And with each concern comes advice—good and bad—intended to help overcome whatever problem may arise.
Trouble is, in many cases, the advice that gets passed around is little more than myth…
Myths whose advice should NOT be heeded.
While they may seem harmless in many cases…
The real problem with subscribing to myths is that when we follow false facts, we’re prevented from getting the real, effective treatment we need.
So to help you stay safe, healthy, and energized this Spring, let’s put 4 of the most “famous” Springtime myths to bed:
It's no secret that the spring season is a popular time for colds and the flu.
There’s a common belief that you can get sick from going outside in the rain.
But as it turns out, there’s absolutely no evidence that catching a cold is directly caused by exposure to rain.
According to Stephen Morse1, PhD, a professor of epidemiology and an infectious disease expert at Columbia University:
“Getting wet and chilled is also associated with colder months, so the correlation was obvious, and people tend to notice the times they got wet and did get sick, not the times they didn’t. But as we say in epidemiology, correlation is not necessarily causation.”
Although colds are generally correlated with lower temperatures, there's no evidence to suggest that the rain can give you a cold.
So the next time you're headed out into the rain, you can go with peace of mind knowing that you won't catch a cold because of it.
All those self-tanning products claiming that “building a base tan” will protect you from the sun are LYING!
On the contrary, chilling out in tanning beds means putting yourself at risk for premature aging and worse—skin cancer.2
There are only three ways you can protect yourself from the sun:
- Seek shade.
- Wear protective clothing.
- Use a high-quality sunscreen with 30+ SPF (and reapply frequently).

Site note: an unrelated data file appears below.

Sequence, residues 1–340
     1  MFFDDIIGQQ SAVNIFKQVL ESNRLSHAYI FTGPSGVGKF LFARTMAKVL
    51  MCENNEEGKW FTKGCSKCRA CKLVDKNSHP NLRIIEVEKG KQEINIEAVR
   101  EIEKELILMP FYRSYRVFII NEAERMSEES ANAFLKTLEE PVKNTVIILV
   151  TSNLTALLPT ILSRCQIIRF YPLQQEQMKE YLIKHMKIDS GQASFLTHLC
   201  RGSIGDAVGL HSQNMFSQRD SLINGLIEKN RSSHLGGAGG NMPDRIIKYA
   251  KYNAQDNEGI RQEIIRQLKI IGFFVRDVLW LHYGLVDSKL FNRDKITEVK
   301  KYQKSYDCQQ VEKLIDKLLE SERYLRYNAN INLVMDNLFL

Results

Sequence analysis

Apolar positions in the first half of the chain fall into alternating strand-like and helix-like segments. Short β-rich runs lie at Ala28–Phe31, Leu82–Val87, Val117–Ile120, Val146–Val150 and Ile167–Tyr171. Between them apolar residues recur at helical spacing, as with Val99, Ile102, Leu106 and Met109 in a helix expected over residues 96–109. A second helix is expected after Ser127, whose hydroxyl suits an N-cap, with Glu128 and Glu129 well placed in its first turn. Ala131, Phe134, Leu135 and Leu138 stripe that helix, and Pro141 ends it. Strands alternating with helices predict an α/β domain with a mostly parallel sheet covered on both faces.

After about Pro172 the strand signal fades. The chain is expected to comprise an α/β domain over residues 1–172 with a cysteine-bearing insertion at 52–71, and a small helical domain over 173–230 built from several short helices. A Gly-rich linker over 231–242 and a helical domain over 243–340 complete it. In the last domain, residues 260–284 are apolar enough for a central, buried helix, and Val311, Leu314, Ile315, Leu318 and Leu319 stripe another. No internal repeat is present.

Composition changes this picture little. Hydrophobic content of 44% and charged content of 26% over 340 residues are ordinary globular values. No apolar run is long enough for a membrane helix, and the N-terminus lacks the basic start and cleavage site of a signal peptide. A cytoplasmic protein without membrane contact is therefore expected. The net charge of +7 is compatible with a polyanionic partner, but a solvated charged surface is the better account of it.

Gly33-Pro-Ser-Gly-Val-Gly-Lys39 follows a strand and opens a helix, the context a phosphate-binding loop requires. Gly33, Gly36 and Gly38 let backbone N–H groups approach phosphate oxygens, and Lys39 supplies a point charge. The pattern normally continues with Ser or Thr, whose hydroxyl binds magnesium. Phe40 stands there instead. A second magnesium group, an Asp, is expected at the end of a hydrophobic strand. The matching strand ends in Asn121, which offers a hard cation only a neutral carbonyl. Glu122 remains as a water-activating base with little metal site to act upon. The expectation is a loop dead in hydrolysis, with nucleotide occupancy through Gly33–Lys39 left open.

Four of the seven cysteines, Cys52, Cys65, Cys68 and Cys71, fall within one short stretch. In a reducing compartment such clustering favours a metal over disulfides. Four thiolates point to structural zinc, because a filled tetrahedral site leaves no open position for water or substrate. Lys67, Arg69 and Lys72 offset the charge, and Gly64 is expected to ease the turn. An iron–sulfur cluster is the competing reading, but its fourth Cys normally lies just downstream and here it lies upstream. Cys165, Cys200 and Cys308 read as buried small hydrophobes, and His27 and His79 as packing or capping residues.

Many people think it's normal for kids to have allergies, but not adults.
But as it turns out, allergies aren’t just for kids, and you can develop them at any age (even if you’ve never had them before).
How can this happen?
The first thing to understand is that whether or not you’re allergic to something depends heavily on your immune system.
Allergies are an immune reaction to pollen, mold, and similar particles.
And allergies can develop when your body detects a substance it doesn’t like, and begins producing antibodies to get rid of that irritant.
An allergy can even appear after you've been exposed to a substance for many years before you develop obvious symptoms like sneezing or a runny nose.
That's why an allergic reaction can seem to come out of nowhere, and often includes symptoms like hives, itchy eyes, and difficulty breathing.
If you have an allergic reaction to anything at this time of year, you can take prescription medicine to help lessen your symptoms. But the best way to stop an allergic reaction is to avoid the substance that causes it in the first place.
What many people don't realize is that you can get sick at any time of year—even in the Spring.
So how exactly do you defend yourself against this virus?
Well, the best way to avoid catching the flu is to get the yearly flu shot, which can help protect you against all three seasonal strains of influenza.
But even if you aren’t vaccinated, there are still things you can do to prevent yourself from coming down with the flu, such as:
- Wash your hands frequently
- Avoid touching your eyes, nose and mouth
- Keep surfaces clean by wiping them often
- Practice stress reduction
Your Spring just got a whole lot safer, healthier, and more fun!